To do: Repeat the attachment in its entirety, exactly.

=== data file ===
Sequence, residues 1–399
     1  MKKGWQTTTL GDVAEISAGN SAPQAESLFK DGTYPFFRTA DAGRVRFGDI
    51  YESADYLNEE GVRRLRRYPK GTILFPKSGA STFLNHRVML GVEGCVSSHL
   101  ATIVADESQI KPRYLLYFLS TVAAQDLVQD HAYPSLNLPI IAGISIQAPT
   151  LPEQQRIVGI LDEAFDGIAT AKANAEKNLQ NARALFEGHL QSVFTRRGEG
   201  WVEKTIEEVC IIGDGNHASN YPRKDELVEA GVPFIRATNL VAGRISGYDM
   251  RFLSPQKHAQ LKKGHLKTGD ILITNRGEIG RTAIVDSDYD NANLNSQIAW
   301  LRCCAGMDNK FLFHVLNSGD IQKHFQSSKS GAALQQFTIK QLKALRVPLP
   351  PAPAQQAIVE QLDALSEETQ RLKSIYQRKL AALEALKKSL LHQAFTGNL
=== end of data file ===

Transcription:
Sequence, residues 1–399
     1  MKKGWQTTTL GDVAEISAGN SAPQAESLFK DGTYPFFRTA DAGRVRFGDI
    51  YESADYLNEE GVRRLRRYPK GTILFPKSGA STFLNHRVML GVEGCVSSHL
   101  ATIVADESQI KPRYLLYFLS TVAAQDLVQD HAYPSLNLPI IAGISIQAPT
   151  LPEQQRIVGI LDEAFDGIAT AKANAEKNLQ NARALFEGHL QSVFTRRGEG
   201  WVEKTIEEVC IIGDGNHASN YPRKDELVEA GVPFIRATNL VAGRISGYDM
   251  RFLSPQKHAQ LKKGHLKTGD ILITNRGEIG RTAIVDSDYD NANLNSQIAW
   301  LRCCAGMDNK FLFHVLNSGD IQKHFQSSKS GAALQQFTIK QLKALRVPLP
   351  PAPAQQAIVE QLDALSEETQ RLKSIYQRKL AALEALKKSL LHQAFTGNL